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Nepal's PM sworn in, but loses coalition partner

Tuesday - 2/11/2014, 6:54am  ET

Nepal’s newly elected prime minister Sushil Koirala, stands in front of the honor guards during the oath taking ceremony at the presidential palace in Katmandu, Nepal, Tuesday, Feb. 11, 2014. Koirala, the leader of Nepal's largest and oldest political party, was elected prime minister on Monday with majority support in parliament that is likely to ease the political instability in the Himalayan nation. (AP Photo/Niranjan Shrestha)

BINAJ GURUBACHARYA
Associated Press

KATMANDU, Nepal (AP) -- Nepal's newly elected prime minister was sworn into office on Tuesday, but his party's main coalition partner announced it will not join the government, bringing renewed political uncertainty to the nation.

Sushil Koirala, the leader of Nepal's largest and oldest political party, Nepali Congress, was sworn in by President Ram Baran Yadav.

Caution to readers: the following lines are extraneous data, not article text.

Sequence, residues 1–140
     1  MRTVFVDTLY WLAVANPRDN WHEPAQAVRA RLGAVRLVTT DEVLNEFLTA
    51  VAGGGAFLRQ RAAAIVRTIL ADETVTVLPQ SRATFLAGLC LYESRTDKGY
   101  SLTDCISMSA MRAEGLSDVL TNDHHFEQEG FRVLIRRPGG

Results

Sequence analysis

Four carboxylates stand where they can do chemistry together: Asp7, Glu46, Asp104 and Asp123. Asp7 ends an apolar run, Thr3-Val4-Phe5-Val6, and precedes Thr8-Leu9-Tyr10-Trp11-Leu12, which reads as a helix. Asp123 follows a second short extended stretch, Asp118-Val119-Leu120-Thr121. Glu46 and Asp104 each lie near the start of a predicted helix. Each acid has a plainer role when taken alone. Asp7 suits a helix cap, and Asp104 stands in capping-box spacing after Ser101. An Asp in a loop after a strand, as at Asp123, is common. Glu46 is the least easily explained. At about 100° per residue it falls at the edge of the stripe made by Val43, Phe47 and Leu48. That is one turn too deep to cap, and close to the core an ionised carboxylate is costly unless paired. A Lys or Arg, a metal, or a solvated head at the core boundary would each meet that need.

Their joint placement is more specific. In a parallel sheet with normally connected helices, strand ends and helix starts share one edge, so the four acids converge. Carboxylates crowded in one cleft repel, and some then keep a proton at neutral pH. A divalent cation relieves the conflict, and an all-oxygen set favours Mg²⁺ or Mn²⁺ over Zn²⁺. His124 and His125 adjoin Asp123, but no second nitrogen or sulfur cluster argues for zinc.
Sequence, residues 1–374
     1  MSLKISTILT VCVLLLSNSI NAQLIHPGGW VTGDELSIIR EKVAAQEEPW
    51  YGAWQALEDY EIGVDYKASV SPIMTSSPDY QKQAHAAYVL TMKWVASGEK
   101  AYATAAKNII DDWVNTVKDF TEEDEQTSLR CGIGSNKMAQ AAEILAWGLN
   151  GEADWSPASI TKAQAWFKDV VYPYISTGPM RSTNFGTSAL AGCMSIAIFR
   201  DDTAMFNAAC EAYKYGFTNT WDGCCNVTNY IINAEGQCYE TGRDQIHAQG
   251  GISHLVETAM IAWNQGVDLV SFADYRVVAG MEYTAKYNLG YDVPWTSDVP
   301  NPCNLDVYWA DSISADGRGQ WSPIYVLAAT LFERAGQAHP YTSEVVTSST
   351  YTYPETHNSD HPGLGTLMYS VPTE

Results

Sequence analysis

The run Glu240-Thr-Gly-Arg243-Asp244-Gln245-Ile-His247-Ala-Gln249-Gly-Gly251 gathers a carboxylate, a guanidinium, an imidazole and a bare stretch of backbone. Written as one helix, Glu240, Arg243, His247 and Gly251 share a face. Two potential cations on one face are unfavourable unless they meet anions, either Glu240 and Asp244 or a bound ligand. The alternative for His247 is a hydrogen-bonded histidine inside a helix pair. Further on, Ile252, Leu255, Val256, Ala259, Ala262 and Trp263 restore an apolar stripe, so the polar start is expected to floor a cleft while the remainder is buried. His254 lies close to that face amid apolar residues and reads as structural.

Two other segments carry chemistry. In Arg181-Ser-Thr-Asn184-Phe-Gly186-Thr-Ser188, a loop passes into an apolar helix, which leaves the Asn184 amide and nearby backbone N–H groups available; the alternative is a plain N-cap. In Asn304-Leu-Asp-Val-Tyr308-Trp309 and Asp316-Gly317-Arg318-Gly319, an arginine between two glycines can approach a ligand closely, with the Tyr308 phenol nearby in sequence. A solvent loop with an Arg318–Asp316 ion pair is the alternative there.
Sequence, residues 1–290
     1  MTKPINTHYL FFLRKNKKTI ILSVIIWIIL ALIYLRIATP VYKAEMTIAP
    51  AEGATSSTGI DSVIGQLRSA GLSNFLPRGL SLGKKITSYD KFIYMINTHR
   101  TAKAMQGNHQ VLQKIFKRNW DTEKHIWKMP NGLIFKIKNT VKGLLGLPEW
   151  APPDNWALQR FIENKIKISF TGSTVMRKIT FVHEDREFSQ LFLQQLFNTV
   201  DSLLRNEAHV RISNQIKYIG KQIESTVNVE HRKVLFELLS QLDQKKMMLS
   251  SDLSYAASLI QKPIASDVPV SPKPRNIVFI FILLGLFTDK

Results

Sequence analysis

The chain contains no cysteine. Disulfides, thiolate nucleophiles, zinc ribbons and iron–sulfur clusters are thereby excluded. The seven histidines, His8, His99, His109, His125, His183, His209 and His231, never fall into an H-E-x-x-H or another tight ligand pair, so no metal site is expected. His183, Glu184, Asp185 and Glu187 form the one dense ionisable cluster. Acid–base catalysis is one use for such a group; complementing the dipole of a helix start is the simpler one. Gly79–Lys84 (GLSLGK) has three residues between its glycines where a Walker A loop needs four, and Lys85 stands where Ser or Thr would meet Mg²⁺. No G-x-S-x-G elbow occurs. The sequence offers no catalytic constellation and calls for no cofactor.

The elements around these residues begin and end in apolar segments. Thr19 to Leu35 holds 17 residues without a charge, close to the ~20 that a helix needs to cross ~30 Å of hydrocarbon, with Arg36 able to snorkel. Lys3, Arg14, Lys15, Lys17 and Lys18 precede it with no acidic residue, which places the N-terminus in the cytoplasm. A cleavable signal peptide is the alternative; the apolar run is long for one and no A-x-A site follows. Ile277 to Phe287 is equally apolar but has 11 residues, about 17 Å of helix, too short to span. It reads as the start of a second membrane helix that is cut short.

Koirala was expected to announce a portion of his Cabinet but appointed just one minister, senior party member Ram Sharan Mahat.

Nepali Congress's main coalition partner, the Communist Party of Nepal (United Marxist Leninist), said it would not join the government because Koirala had failed to honor an agreement to give it the powerful home minister portfolio.

Both parties want to lead the Home Ministry, which controls the police force and local administrations across the nation.

"We will not join the government until they honor the agreement, and have decided to boycott the swearing-in ceremony," Bishnu Poudel of the coalition party told reporters.

Koirala secured the votes of more than two-third of the members of the Constituent Assembly on Monday with the backing of the Communists, the second-largest party.

He will remain in office, but it will be difficult for him to work if he does not have their full support.

Koirala's strong majority in Monday's vote among lawmakers had led to hopes that the Himalayan nation's long political paralysis was easing.

No party won a majority of seats in the Nov. 19 national election. Nepali Congress secured the most seats but needed a coalition partner to form a government.

A constitution was supposed to have been written by the last Constituent Assembly, which was elected in 2008 following the end of a 10-year Maoist insurgency and the overthrow of the centuries-old monarchy. But the assembly was riven by infighting and never finished its work.


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